The Sysbags used in this review are SW-Motech's largest. Each pannier is approximately 18.9″ (length) X 8.7 (width) X 16.1 (height). With these dimensions, SW-Motech says the bags provide up to 40 liters of storage.
At the end of the trip, here's what the Norden looked like with the SysBag WP's loaded. On the left the Sysbag is open, and on the right, you can see the bag's profile when it is fully loaded and closed. Photo: Mike Botan
That's a lot of storage and volume. As a result, attached to my Norden 901 and ready to go, the fully stuffed setup was approximately 40 inches wide. That's pretty wide, but you also can carry lots of stuff. However, if you are carrying less, there are cinch straps on the sides of the panniers that you can use to reduce their width.
Interestingly, the width of the panniers allowed me to do some durability testing. I purposely found some narrow two-track in the woods of Georgia and Florida. Since I’m not a stickler for how pretty my bike looks, I purposely rode as far to the edge of the trail as I dared. This allowed me to drag the Sysbag WPs through the brush, sticks, and plants that lined the track.
Dragging a SysBag WP through some two track on the Florida/Georgia state line. Photo: Mike Botan
After about 20 minutes, I stopped the bike and checked the SysBags. They were still attached firmly, and there were no tears or cuts. Although they picked up some grasses and sticks, there was no damage. I didn't have anything attached to the MOLLE panel, so I can't say whether it would tear if something attached to it snagged in the brush.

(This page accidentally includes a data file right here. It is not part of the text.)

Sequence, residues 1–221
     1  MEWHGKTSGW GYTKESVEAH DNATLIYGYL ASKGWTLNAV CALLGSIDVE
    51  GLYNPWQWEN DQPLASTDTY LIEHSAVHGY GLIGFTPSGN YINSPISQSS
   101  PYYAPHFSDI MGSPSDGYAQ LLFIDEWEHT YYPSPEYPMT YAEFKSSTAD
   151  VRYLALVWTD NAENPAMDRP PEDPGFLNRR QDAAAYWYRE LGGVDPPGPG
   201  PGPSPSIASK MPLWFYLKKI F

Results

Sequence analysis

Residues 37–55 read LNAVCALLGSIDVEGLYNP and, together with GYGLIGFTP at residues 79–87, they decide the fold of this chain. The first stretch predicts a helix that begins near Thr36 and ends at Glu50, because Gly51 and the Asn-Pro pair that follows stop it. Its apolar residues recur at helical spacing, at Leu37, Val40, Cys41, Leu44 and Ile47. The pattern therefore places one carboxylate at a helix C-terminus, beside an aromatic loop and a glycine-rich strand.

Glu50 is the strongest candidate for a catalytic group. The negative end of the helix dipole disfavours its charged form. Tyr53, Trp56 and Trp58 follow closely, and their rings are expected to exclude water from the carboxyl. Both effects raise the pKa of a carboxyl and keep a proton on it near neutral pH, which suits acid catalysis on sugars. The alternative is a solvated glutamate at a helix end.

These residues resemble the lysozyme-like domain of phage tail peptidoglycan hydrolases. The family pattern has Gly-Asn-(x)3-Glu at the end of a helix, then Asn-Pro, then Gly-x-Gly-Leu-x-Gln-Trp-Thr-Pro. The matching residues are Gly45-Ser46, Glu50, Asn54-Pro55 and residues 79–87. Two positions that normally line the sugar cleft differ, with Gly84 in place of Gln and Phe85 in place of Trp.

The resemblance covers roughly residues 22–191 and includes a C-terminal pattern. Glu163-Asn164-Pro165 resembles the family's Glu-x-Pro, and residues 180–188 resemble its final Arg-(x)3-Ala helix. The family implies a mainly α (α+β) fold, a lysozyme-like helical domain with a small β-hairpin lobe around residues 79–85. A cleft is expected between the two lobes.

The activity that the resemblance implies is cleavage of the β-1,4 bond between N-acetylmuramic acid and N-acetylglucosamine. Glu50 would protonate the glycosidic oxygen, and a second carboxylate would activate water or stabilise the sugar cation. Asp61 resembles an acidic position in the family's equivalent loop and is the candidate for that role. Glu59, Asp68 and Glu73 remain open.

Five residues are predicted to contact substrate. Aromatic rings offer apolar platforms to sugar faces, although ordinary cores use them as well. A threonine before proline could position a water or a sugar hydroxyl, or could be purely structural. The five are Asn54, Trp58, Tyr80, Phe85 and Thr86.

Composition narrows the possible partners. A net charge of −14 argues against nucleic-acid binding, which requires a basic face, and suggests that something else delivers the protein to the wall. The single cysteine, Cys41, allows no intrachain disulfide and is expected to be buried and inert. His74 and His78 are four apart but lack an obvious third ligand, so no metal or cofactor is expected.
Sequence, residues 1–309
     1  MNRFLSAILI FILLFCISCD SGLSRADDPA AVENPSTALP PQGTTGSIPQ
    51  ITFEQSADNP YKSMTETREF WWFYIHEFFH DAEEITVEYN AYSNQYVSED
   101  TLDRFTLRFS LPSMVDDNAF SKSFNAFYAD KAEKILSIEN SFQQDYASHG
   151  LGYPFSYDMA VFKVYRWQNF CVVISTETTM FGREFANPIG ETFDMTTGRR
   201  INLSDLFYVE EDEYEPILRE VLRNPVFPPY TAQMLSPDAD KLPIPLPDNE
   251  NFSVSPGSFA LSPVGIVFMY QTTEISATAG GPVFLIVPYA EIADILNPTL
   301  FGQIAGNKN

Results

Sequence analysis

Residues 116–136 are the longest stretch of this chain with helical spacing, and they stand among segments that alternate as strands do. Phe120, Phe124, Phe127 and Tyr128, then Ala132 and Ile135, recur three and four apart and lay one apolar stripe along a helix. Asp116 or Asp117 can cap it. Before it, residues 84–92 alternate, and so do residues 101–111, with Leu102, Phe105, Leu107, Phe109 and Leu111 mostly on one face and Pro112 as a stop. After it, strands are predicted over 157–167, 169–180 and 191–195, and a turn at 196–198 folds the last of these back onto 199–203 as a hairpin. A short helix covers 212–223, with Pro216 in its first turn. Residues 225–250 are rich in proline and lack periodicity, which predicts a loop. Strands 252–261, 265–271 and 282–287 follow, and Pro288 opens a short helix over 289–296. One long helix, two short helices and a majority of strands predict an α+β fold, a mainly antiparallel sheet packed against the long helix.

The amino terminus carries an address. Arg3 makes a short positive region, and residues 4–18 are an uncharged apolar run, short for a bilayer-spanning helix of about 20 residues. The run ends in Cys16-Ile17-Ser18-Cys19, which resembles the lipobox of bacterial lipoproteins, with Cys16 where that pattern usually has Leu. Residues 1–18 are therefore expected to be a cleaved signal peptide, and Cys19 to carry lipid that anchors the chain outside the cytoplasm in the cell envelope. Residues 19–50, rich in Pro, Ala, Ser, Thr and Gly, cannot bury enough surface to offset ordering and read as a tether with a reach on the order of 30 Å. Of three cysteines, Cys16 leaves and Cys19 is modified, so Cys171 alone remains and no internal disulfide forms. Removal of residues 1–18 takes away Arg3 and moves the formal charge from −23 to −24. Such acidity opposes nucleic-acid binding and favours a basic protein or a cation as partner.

The Sysbag WP Large is a big pannier. And you would expect that it would weigh a lot. But I was somewhat surprised that each pannier and adapter plate weighed around 9 pounds. I have a different set of well-known soft panniers with less volume (35 liters), and they weigh about 13.5 pounds. So that's about 40 percent less than the other panniers.
A little Georgia clay thrown in for fun. Photo: Mike Botan
SW-Motech offers a two-year warranty when consumers purchase directly from them or their authorized dealers. Their warranty extends to products under normal usage and in the event of material or manufacturing defects, for example, loosened seams, broken welds, and torn handles.
SW-Motech's SysBag WP pricing is somewhat a la carte. Depending on the size of the bags and the features you want, the price of a complete set is variable. However, in the case of the complete setup used in this review, the top-of-the-line SysBag WP L (large) pannier system has an MSRP of about $1050. At that price, the SysBag WP L's price aligns with other quality pannier systems.
In the end, I liked the SW-Motech SysBag WP system. It holds a large amount of gear, is entirely waterproof, and has flexible storage options. After two weeks and two thousand miles of on and off-road riding, the panniers emerged undamaged and watertight. In addition, their pricing is in line with similar high-quality pannier systems. I don't seem to be alone in my opinion. If you are interested, some inmates have posted their thoughts in the forum, including some pictures of the panniers after crashes/falls.